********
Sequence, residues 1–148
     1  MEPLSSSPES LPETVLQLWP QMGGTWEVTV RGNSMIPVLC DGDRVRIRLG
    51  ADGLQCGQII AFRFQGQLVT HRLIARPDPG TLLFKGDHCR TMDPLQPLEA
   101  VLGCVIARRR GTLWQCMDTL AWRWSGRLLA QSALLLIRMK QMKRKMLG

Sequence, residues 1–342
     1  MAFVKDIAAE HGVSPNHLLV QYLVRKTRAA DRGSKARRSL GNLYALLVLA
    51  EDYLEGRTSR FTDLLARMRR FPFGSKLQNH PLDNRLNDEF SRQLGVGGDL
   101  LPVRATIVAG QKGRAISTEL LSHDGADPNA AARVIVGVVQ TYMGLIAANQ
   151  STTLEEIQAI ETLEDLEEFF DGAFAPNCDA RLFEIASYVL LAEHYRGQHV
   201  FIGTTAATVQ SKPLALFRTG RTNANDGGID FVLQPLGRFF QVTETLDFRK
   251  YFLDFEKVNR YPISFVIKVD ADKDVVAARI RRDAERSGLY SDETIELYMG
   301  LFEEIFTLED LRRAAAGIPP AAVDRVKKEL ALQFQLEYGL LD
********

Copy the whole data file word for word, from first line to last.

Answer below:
Sequence, residues 1–148
     1  MEPLSSSPES LPETVLQLWP QMGGTWEVTV RGNSMIPVLC DGDRVRIRLG
    51  ADGLQCGQII AFRFQGQLVT HRLIARPDPG TLLFKGDHCR TMDPLQPLEA
   101  VLGCVIARRR GTLWQCMDTL AWRWSGRLLA QSALLLIRMK QMKRKMLG

Sequence, residues 1–342
     1  MAFVKDIAAE HGVSPNHLLV QYLVRKTRAA DRGSKARRSL GNLYALLVLA
    51  EDYLEGRTSR FTDLLARMRR FPFGSKLQNH PLDNRLNDEF SRQLGVGGDL
   101  LPVRATIVAG QKGRAISTEL LSHDGADPNA AARVIVGVVQ TYMGLIAANQ
   151  STTLEEIQAI ETLEDLEEFF DGAFAPNCDA RLFEIASYVL LAEHYRGQHV
   201  FIGTTAATVQ SKPLALFRTG RTNANDGGID FVLQPLGRFF QVTETLDFRK
   251  YFLDFEKVNR YPISFVIKVD ADKDVVAARI RRDAERSGLY SDETIELYMG
   301  LFEEIFTLED LRRAAAGIPP AAVDRVKKEL ALQFQLEYGL LD